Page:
Softball is a game similar to baseball played with a larger ball on a smaller field, with only underhand pitches (where the ball is released while the hand is primarily below the ball) permitted. Softball is played competitively at club levels, the college level, and the professional level. The game was first created in 1887 in Chicago by George Hancock.
|Highest governing body||World Baseball Softball Confederation|
|First played||1887, United States|
|Team members||2 teams of 9 or 10|
|World Games||1981, 1985|
There are two rule sets for softball generally: slow pitch softball and fastpitch. Slow pitch softball is commonly played recreationally, while women's fastpitch softball is a Summer Olympic sport and is played professionally.
Depending on the variety being played and the age and gender of the players, the particulars of the field and equipment vary. While distances between bases of 60 feet are standard across varieties, the pitcher's plate ranges from 35 to 43 feet away from home plate, and the home run fence can be 220 to 300 feet away from home plate. The ball itself is typically 11 or 12 inches (28 or 30 centimetres) in circumference, also depending on specifics of the competition.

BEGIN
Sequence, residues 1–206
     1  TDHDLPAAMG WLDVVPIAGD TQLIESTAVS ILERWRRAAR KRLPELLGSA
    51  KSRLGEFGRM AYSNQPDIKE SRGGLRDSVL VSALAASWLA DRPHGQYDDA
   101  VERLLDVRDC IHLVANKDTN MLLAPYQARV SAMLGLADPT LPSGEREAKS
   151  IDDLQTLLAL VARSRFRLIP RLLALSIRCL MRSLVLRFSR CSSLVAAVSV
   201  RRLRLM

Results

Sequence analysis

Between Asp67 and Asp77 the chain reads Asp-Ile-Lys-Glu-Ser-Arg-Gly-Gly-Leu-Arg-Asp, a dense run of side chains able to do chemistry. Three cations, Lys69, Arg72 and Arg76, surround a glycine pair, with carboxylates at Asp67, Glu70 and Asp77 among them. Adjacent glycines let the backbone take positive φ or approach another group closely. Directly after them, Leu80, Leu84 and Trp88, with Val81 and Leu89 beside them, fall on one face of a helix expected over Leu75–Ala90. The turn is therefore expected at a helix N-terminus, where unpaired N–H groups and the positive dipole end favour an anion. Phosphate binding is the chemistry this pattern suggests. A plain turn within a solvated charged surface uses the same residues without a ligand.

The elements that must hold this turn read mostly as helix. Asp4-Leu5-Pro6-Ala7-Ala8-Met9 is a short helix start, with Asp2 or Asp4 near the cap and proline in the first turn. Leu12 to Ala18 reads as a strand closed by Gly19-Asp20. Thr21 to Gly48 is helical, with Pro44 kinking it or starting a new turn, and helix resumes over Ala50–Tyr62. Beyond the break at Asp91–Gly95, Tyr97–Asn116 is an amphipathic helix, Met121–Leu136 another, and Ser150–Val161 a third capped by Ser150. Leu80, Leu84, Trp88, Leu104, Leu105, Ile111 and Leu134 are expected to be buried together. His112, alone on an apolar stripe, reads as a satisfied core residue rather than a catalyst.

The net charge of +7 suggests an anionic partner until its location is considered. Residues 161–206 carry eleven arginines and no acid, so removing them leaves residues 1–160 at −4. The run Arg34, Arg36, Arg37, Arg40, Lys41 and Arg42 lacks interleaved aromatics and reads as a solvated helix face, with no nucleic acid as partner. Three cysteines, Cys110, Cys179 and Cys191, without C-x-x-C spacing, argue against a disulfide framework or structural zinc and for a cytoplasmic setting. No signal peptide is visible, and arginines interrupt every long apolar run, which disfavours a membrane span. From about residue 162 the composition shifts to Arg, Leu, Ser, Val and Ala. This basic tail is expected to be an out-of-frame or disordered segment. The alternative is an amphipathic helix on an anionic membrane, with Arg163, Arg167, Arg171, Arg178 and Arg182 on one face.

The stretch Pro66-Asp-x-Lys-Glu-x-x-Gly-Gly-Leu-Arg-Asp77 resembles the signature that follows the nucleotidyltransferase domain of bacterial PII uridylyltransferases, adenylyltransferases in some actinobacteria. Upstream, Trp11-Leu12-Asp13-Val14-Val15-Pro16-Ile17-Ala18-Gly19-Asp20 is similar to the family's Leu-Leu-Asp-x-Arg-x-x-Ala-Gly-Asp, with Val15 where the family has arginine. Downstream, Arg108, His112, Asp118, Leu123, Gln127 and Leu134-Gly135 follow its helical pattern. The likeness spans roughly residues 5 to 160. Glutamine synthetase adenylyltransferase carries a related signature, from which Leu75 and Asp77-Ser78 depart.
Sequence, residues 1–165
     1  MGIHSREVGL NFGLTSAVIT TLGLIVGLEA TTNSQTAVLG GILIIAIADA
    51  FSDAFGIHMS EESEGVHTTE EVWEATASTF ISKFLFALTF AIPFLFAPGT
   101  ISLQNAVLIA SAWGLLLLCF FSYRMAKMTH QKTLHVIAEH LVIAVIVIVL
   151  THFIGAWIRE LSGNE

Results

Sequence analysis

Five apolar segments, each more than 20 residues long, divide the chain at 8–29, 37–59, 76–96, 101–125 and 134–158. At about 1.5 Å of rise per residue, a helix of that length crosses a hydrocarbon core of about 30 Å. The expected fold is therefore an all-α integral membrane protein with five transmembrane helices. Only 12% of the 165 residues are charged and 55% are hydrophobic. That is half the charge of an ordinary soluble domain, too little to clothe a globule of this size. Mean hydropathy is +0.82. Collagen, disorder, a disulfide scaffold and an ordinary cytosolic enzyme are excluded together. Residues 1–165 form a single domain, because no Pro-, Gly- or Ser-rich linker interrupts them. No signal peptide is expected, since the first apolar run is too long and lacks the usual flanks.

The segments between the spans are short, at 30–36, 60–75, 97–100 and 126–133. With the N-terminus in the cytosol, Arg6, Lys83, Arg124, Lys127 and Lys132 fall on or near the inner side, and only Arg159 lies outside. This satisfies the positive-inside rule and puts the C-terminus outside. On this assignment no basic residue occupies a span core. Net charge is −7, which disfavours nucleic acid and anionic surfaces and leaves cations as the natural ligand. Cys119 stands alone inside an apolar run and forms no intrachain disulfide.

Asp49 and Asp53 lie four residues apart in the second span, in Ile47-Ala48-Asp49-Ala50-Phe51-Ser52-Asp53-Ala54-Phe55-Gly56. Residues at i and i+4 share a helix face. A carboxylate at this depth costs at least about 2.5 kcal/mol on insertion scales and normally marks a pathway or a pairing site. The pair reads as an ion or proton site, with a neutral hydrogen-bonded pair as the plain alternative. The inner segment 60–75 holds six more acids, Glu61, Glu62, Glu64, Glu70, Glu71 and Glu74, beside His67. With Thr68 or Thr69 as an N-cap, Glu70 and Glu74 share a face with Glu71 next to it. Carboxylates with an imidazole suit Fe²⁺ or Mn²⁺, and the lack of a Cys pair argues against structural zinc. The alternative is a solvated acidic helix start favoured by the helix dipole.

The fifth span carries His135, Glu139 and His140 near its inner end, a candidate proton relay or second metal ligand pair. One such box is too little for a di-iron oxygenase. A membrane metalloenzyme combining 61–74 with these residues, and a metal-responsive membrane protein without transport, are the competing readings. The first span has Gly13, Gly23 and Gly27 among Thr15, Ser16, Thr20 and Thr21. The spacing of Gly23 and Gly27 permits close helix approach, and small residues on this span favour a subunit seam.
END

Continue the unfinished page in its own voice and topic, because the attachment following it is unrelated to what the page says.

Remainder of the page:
Softball rules vary somewhat from those of baseball. The game moves at a faster pace than traditional baseball due to the field being smaller and the bases and the fielders being closer to home plate. Softball is pitched underhand from flat ground, with fastpitch using a windmill arm motion, while baseball is pitched overhand from a small hill called a mound, which changes the flight of the pitch. Additionally, the entire infield of a softball diamond is dirt, without grass around the pitcher's plate.